How to Bake Giant Heirloom Lima Beans

This recipe is for baked limas in a tomato pepper sauce. Think you don't like limas? Give them another try! Heirloom varieties, such as Christmas limas, have a full-bodied, nutty, chestnut-like taste.

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How to Bake Giant Heirloom Lima Beans Recipe
18 Steps
Ingredients
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1
I love these Christmas lima beans, produced by Rancho Gordo. This heirloom variety, which is often called the chestnut lima, is a rather large white bean with maroon spots and swirls.

I love these Christmas lima beans, produced by Rancho Gordo. This heirloom variety, which is often called the chestnut lima, is a rather large white bean with maroon spots and swirls.

2
Rinse the beans and then throw them in a large soup pot or Dutch oven.

Rinse the beans and then throw them in a large soup pot or Dutch oven.

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3
Cover with water by a couple inches and let soak. If you are using fairly new beans, they will only need to soak for an 2 - 4 hours.

Cover with water by a couple inches and let soak. If you are using fairly new beans, they will only need to soak for an 2 - 4 hours.

4
Add the chile de arbols, onion, half of the garlic, bay leaf and thyme.

Add the chile de arbols, onion, half of the garlic, bay leaf and thyme.

5
Bring to a gentle boil. Reduce the heat, cover and simmer for an hour. Add salt to taste, and continue to simmer gently until beans are tender. You will probably want to check every 10 minutes or so.

Bring to a gentle boil. Reduce the heat, cover and simmer for an hour. Add salt to taste, and continue to simmer gently until beans are tender. You will probably want to check every 10 minutes or so.

6
While the beans are simmering, you can prep the tomato pepper sauce. Start by gathering your ingredients and pre-heating the oven to 350 degrees F.

While the beans are simmering, you can prep the tomato pepper sauce. Start by gathering your ingredients and pre-heating the oven to 350 degrees F.

7
Chop the red peppers.

Chop the red peppers.

8
When the beans are done, remove from the heat. Take out the chiles, onion, bay leaf and thyme sprigs. Set a colander over a bowl, and drain the beans.

When the beans are done, remove from the heat. Take out the chiles, onion, bay leaf and thyme sprigs. Set a colander over a bowl, and drain the beans.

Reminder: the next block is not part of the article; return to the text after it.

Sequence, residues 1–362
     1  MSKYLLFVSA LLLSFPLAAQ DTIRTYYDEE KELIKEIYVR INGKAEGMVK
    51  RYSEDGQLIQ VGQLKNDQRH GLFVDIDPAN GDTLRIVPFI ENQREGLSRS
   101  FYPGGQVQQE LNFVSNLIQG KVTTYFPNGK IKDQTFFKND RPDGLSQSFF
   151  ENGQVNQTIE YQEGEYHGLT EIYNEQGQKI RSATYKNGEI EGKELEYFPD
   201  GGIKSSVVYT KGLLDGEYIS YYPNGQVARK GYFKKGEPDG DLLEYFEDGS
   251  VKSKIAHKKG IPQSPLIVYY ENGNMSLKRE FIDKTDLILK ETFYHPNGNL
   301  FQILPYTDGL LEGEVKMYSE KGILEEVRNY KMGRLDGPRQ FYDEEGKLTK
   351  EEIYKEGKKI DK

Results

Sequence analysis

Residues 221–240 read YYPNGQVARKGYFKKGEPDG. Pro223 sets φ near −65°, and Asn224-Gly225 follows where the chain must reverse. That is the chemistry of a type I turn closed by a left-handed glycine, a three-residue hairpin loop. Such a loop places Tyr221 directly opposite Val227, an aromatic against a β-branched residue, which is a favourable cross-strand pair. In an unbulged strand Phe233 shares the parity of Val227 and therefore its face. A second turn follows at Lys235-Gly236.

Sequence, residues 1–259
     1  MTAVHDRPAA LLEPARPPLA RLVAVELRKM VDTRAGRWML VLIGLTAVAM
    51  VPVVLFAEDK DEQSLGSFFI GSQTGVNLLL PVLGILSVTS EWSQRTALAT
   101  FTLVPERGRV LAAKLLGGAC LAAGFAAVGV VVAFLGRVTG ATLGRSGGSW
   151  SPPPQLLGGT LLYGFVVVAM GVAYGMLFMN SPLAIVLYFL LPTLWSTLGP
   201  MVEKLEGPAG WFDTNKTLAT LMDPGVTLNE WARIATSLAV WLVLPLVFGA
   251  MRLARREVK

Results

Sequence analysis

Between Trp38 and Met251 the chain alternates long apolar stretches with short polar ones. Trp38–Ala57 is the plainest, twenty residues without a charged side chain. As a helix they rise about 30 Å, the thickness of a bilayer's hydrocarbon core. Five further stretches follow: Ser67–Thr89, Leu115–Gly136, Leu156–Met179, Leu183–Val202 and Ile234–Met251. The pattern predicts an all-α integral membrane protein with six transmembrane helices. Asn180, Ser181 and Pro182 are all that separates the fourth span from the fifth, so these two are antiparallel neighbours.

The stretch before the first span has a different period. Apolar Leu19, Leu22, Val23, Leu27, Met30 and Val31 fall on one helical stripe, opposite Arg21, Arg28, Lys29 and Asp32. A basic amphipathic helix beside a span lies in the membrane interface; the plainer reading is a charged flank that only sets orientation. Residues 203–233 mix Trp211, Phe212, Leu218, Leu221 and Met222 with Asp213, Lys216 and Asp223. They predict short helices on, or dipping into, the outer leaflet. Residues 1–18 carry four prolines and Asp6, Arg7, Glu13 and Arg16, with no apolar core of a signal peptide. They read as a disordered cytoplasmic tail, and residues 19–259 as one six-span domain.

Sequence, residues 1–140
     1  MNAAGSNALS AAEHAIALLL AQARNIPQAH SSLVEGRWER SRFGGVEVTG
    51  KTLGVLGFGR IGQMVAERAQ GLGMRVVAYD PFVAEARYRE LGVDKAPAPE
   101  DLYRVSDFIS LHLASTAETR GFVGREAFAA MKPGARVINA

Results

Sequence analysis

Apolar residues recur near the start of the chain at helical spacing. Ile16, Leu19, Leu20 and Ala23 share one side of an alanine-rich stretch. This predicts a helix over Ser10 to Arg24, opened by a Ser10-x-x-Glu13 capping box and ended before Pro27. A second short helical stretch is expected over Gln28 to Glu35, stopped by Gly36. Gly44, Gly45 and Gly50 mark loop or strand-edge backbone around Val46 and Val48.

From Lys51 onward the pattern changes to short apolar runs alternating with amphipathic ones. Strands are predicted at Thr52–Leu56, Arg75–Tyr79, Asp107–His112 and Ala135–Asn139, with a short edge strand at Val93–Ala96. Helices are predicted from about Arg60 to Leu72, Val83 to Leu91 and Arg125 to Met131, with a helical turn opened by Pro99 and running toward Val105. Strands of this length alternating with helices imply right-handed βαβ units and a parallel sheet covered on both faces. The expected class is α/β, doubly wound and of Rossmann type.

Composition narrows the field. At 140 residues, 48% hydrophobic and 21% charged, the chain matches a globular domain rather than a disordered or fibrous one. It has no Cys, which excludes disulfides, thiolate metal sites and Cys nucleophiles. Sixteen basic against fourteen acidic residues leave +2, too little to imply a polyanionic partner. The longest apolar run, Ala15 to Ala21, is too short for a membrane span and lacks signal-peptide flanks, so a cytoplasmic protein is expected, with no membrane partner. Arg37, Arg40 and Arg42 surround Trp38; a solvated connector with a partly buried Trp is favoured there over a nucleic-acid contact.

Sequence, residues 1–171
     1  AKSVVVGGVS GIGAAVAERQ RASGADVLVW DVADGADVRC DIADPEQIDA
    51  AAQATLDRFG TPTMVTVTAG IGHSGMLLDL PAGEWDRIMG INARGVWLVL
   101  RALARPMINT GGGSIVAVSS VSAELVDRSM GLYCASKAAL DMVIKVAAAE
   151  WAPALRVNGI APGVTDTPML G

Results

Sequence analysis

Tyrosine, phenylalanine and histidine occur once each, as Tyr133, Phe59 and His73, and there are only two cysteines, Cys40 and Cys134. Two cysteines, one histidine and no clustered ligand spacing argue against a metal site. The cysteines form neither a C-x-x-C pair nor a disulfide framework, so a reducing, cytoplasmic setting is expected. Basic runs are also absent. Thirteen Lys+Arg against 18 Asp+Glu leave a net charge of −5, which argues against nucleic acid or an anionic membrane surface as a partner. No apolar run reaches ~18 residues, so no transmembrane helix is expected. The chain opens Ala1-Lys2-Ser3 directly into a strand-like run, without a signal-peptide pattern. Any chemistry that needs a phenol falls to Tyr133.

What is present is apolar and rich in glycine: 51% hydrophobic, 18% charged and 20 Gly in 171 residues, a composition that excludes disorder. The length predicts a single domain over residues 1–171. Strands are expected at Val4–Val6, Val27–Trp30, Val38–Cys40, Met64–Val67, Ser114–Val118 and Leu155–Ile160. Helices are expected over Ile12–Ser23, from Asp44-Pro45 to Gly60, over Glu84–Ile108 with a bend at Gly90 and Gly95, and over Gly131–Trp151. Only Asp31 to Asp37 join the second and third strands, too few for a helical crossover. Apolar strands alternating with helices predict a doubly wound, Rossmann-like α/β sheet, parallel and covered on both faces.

9
When you drain the beans, you want to do it over a bowl, so that you retain the cooking stock.

When you drain the beans, you want to do it over a bowl, so that you retain the cooking stock.

10
Heat 1 tablespoon of the olive oil over medium heat and add the red pepper. Cook, stirring often, until tender. Add the remaining garlic, and cook, stirring, until fragrant, 30 seconds to a minute.

Heat 1 tablespoon of the olive oil over medium heat and add the red pepper. Cook, stirring often, until tender. Add the remaining garlic, and cook, stirring, until fragrant, 30 seconds to a minute.

11
Add the chopped tomatoes.

Add the chopped tomatoes.

12
Add the red pepper flakes, paprika and salt to taste.

Add the red pepper flakes, paprika and salt to taste.

13
Cook, stirring often, until the tomatoes have cooked down. This took me about 12 minutes. Then add the beans.

Cook, stirring often, until the tomatoes have cooked down. This took me about 12 minutes. Then add the beans.

14
Add 1 1/2 cups of broth (retain the rest of the broth). Then stir in the parsley.

Add 1 1/2 cups of broth (retain the rest of the broth). Then stir in the parsley.

15
Transfer to a baking dish.

Transfer to a baking dish.

16
Slice the remaining two tomatoes and arrange on top.

Slice the remaining two tomatoes and arrange on top.

17
Stick in the oven, and bake for one hour at 350 degrees. Check periodically to make sure the beans aren’t drying out. If they are, add about 1/2 cup of the reserved broth.

Stick in the oven, and bake for one hour at 350 degrees. Check periodically to make sure the beans aren’t drying out. If they are, add about 1/2 cup of the reserved broth.

18
Serve hot or warm. Recipe adapted from one by Martha Rose Shulman in the NYTimes.

Serve hot or warm. Recipe adapted from one by Martha Rose Shulman in the NYTimes.

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